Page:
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The future of Otago, if not New Zealand, looks to be in good hands if this year's crop of Class Act winners is anything to go by.
The class of 2013 includes pupils on their way to becoming business owners, academics, rising sports stars, police officers, air force pilots, doctors, vets, fashion designers, scientists, environmentalists, lawyers, engineers, accountants, diplomats, musicians, politicians and even journalists.
In Monday's edition of the Otago Daily Times, these young men and women share what they have been up to, what their biggest challenges have been, and where they see themselves in the next 5-10 years.
Among them is Cromwell College pupil Katie Short, who was blind for half of last year.
The 18-year-old has ocular albinism and the resulting rapid, involuntary eye movements meant she could not see for six months.
She could hardly walk, let alone study, but she has soldiered on.
The teenager is ploughing through Level 3 biology, chemistry, English, statistics and photography this year and hopes to attend university next year.
While many of this year's Class Act nominees have been clearing commitments from their lives so they can have more time to get their heads down and study in their final year, Logan Park High School academic prefect Jasmine Seifert-Simpson (17) has been looking for things to add to her schedule.
She has NCEA Level 1 and 2 with excellence under her belt and recently added Level 3 with excellence, all while racking up a host of other academic, sporting and cultural achievements.
Rather than have ''a quiet year'', she has decided to help her fellow pupils with their NCEA Level 3 study by discussing class work and researching academic assignments.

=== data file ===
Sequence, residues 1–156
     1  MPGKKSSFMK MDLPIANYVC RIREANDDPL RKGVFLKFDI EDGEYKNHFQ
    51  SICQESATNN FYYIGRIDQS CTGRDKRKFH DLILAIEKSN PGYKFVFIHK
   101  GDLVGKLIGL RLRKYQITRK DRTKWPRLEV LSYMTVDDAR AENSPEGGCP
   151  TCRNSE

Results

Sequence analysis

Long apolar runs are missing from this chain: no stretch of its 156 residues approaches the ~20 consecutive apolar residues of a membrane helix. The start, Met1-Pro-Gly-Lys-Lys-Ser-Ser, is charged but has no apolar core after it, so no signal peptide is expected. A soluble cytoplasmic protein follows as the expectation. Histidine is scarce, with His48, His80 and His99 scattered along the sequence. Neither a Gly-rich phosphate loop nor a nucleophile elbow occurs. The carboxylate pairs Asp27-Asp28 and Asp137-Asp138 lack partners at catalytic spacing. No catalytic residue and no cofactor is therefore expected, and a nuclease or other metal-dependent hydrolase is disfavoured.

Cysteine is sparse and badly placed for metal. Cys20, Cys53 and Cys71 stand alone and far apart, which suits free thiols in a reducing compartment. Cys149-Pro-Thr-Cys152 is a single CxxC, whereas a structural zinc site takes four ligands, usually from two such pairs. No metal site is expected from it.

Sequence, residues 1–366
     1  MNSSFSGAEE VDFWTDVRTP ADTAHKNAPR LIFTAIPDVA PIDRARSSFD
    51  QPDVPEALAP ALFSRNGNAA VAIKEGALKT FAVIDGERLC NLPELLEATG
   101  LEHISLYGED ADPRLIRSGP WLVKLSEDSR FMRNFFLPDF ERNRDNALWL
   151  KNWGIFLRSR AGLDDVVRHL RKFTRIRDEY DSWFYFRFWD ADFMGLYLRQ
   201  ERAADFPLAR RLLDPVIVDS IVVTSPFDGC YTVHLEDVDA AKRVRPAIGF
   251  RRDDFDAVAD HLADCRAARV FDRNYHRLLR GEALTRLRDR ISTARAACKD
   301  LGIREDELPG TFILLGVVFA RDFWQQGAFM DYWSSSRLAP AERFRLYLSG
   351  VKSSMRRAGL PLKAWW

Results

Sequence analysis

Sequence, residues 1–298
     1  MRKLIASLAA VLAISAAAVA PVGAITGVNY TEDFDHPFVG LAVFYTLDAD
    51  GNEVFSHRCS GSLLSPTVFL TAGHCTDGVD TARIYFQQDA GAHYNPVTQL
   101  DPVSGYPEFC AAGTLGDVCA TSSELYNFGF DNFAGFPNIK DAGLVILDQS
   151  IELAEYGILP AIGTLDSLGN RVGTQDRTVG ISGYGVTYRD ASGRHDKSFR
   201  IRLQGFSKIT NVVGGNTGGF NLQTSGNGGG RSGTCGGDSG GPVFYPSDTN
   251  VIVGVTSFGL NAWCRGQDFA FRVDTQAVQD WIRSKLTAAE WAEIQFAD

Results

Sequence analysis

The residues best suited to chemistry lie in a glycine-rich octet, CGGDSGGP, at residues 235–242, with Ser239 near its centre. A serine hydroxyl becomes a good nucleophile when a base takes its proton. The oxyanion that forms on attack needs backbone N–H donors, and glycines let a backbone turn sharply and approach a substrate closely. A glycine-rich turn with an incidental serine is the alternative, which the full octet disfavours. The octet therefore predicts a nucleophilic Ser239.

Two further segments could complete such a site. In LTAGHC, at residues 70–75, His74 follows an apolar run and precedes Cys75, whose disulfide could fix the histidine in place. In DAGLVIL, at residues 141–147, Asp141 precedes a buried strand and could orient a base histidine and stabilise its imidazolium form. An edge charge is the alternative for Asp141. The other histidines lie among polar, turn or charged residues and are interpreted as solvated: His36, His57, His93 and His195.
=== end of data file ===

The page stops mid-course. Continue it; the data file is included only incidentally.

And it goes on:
In a similar vein, Otago Girls' High School technology prefect Jisu Lee (17) is a whizz in information technology and robotics, and has contributed significantly to the development of pupils' and teachers' skills in their use by running various IT training programmes.
The outstanding part of Jisu's achievements is that when she arrived from South Korea aged 11, the only English word she knew was ''hello''.
Since then, she has become highly skilled in languages and is one of the school's top scholars.
As well as dealing with the usual stress of schoolwork, Kavanagh College pupil Zoe McBride (17) and Mount Aspiring College pupil Jessica Bailey (17) have recently returned from the Junior World Championships in Lithuania where they represented New Zealand in rowing and kayaking respectively.
And a pupil who has reached the highest levels is Cromwell College head boy David Borrie.
The 17-year-old recently led a three-week expedition to Mt Everest.
These pupils will be among the 57 outstanding teens from 29 Otago secondary schools who will be showcased in the Otago Daily Times on Monday.
They are known as the cream of Otago's secondary school crop, and will each receive Class Act Awards from Prime Minister John Key during a ceremony at the Dunedin Public Art Gallery on September 12.